Perhaps no consumer electronics device launch has been more anticipated as this week’s iPhone launch. Engadget reveals that AT&T is even offering instructions to store managers and landlords on how to properly manage iPhone buying frenzies. 3screens.net compares it to the arrival of the Beatles. Apple and AT&T are either thrilled at the prospects or petrified that the reality won’t live up to the hype. Competitors to AT&T are also fairly anxious this week. They can only hope that the market research firm M:Metrics has it wrong when they predict that 67 percent of those who were most inclined to purchase an iPhone are subscribers on other carrier networks. Will that translate in to a mass exodus from the likes of Verizon Wireless, Sprint, and T-Mobile? Probably not, but they are certain to feel some pain.
The Washington Post published a great article over the weekend, outlining how competitors are reacting to the iPhone launch. In the article, they postulate that Sprint may be the most vulnerable, due to their already defecting subscriber base and poor acceptance of its closest iPhone rival, the Samsung Upstage. Comcast, Time Warner, and Cox can’t be too thrilled with these Sprint musings. Much has been said about the iPhone’s impact on traditional wireless competitors – but what about Pivot Wireless ? The iPhone is launching at precisely the time Pivot is trying to gain a foothold. Not exactly the greatest timing. While Sprint may be the most vulnerable, they are certainly not alone. The aforementioned M:Metrics research reveals that 8.1% of Sprint’s , 12.5% of T-Mobile’s, and 6.7% of Verizon Wireless’ customers expressed interest in the iPhone. iPhone clones have already begun appearing as well. Mobile Magazine reveals one from iRiver – the iRiver W10. All competing carriers will have some type of iPhone response – with veritable winners and losers to come.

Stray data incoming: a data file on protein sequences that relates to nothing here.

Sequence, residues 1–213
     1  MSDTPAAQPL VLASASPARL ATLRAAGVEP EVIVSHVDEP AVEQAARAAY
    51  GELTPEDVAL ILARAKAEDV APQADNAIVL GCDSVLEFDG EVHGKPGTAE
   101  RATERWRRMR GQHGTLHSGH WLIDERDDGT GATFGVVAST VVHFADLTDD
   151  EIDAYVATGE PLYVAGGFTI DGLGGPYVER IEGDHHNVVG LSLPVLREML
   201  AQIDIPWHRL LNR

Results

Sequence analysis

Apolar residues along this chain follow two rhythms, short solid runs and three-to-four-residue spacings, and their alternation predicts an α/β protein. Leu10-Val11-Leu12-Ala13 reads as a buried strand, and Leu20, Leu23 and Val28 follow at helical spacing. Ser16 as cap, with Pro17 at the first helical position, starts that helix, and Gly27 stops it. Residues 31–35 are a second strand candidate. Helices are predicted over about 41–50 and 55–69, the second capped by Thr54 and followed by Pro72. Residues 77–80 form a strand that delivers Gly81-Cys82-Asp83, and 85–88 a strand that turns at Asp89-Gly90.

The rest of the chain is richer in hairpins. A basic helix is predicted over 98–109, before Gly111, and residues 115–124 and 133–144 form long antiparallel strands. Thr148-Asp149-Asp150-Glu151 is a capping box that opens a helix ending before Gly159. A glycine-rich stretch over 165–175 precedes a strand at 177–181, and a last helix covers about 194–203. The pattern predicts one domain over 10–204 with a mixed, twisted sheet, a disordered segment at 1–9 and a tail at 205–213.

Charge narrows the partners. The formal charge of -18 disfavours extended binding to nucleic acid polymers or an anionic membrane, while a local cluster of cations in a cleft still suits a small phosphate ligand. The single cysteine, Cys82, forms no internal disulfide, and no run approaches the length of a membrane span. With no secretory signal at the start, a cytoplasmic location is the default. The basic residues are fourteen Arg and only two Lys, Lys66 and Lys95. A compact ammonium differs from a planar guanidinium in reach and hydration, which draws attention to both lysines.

I believe it’s too early to make many of the predictions you hear and see about the iPhone revolutionizing the still young mobile wireless Internet revolution. No question, its initial impact will be impressive – but its long term effect remains to be seen. We all know that consumers can be fickle. The iPhone is not without its challenges, including a high entry cost and spotty service coverage for the AT&T/Cingular network. Let’s give it some time before we crown it as the ‘second coming.’